This is my 500th post!

At least, that is what WordPress analytics tells me.  Although, when I checked, the figures add up to 503.

Not that I’m counting!

I have never been bothered about the statistics of my blogging, although I am surprised by the number who read my blog.

I do it for me – not for you – not for kudos – not because I want acclamation – purely because I want to.

I spend far more time on WordPress than I should. I sometimes neglect other, more important, things, but I enjoy it!

I love all of you who are reading this.  I love some of you who are not reading this. Some sites I read every single post, others I read only occasionally.

If you follow me, I will not necessarily follow you.

I worry about some of you out there.

I am particularly concerned when bloggers disappear but fully understand the reasons why. Anyway, it has nothing to do with me. But I still worry!

There are brilliant wordsmiths here, fine minds, successful authors, stupendous poets, fine artists, great photographers. People who stretch their own limits, and also mine.

Some comment threads turn into real conversations, some turn into flirting. Not mine, I hasten to add (although, to be honest…….)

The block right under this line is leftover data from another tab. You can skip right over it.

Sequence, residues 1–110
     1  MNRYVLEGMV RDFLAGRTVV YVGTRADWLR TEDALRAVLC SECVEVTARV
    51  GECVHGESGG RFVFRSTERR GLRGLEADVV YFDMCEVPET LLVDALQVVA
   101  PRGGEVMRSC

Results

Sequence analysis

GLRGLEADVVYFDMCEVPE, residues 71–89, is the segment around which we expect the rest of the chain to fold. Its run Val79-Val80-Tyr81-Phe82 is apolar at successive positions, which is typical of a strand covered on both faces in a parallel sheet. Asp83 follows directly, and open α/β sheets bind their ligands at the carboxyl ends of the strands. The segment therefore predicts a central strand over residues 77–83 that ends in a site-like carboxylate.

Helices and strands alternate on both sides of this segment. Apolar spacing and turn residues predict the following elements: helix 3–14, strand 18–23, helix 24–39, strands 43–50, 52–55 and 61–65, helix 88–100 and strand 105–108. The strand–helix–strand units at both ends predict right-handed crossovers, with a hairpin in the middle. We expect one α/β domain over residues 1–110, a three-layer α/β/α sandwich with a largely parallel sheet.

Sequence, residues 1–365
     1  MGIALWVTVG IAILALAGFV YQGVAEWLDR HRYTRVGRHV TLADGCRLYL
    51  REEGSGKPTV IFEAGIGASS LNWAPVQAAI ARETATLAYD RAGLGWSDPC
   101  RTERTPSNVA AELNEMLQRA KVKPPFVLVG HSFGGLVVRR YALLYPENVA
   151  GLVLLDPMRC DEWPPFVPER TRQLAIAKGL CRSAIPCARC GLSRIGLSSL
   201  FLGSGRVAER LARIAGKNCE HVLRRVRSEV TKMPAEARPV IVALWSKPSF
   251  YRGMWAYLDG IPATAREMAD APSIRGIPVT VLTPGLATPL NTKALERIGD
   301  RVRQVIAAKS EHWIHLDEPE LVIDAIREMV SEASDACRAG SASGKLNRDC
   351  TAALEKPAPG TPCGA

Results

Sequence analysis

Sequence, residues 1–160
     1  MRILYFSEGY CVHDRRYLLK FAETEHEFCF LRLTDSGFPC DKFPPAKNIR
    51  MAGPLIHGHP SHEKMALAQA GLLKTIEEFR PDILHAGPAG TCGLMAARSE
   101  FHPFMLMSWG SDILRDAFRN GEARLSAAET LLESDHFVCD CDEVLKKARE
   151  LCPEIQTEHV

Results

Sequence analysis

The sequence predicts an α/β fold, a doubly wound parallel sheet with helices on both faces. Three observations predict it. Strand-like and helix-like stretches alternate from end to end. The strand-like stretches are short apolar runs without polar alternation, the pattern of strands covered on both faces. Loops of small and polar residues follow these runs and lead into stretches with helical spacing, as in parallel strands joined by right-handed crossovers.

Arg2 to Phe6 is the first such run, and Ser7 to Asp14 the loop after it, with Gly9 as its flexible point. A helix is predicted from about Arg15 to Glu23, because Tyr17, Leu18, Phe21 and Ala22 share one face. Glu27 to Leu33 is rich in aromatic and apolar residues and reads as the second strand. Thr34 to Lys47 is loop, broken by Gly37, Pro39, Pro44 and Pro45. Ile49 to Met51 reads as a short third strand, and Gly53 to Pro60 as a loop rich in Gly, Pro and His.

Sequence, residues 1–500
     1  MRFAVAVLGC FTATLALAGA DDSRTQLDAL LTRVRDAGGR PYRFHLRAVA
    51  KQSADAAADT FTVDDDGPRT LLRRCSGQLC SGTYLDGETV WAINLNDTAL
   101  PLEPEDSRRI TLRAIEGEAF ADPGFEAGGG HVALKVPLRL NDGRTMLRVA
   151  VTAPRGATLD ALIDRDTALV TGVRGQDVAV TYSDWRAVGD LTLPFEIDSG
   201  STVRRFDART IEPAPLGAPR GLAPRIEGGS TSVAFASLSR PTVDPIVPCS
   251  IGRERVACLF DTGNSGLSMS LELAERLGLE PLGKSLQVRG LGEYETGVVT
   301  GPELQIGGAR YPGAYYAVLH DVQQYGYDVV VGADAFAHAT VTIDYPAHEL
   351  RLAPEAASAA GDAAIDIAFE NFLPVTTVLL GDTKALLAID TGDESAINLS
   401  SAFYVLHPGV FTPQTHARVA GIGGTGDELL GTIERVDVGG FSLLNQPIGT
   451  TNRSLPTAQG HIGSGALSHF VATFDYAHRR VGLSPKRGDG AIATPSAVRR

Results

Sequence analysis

Some blogs that I follow are so prolific, and so good, that I have to curtail my reading of them, very reluctantly! (but only temporarily)

I did check through the WordPress statistics and found the following:

  1. The most views (86) prize went to a re blog of a poem on March 17th 2016.  A worthy winner!
  2. I have one post that received NO LIKES whatever – you can rectify that by going to 16th September 2015!
  3. I started blogging on 11th September 2014 by telling how I had lost my big sister!

So, there you have it. My 500th post. Not very exciting, but factual.

It just remains for me to say a BIG THANK YOU for your being there, for reading my blog, for being my friend, for giving me interesting and informative posts to read.(and, honestly, I will eventually let you know why I was crawling under the Queen’s bed!)

post-milestone-500-2x

Parking the mind

I particularly enjoy the poetry of Frank Hubeny, and he often includes a recording of his reading of his original work. He normally includes his own photographs to enhance the overall experience, and they are always a delight.

I wish I had his talent.

Today, he posted Walking to the Botanic Garden, a haibun, which combines prose and haiku. I know it sounds complicated but, believe me, it isn’t. As usual, Frank began, and ended, with his own photographs that perfectly frame the whole experience.  Follow the link, above, to see why I love Frank’s poems.

I commented on today’s haibun as follows:

I don’t park my mind, I just let it wander all by itself. Not only does it seem perfectly capable of wandering during the day, but it also wanders a great deal most nights too, and it is kind to me in that it holds the memories for me to consider later!

That struck me as profound,  and I thought I should record the thought, if only for my own peace of mind!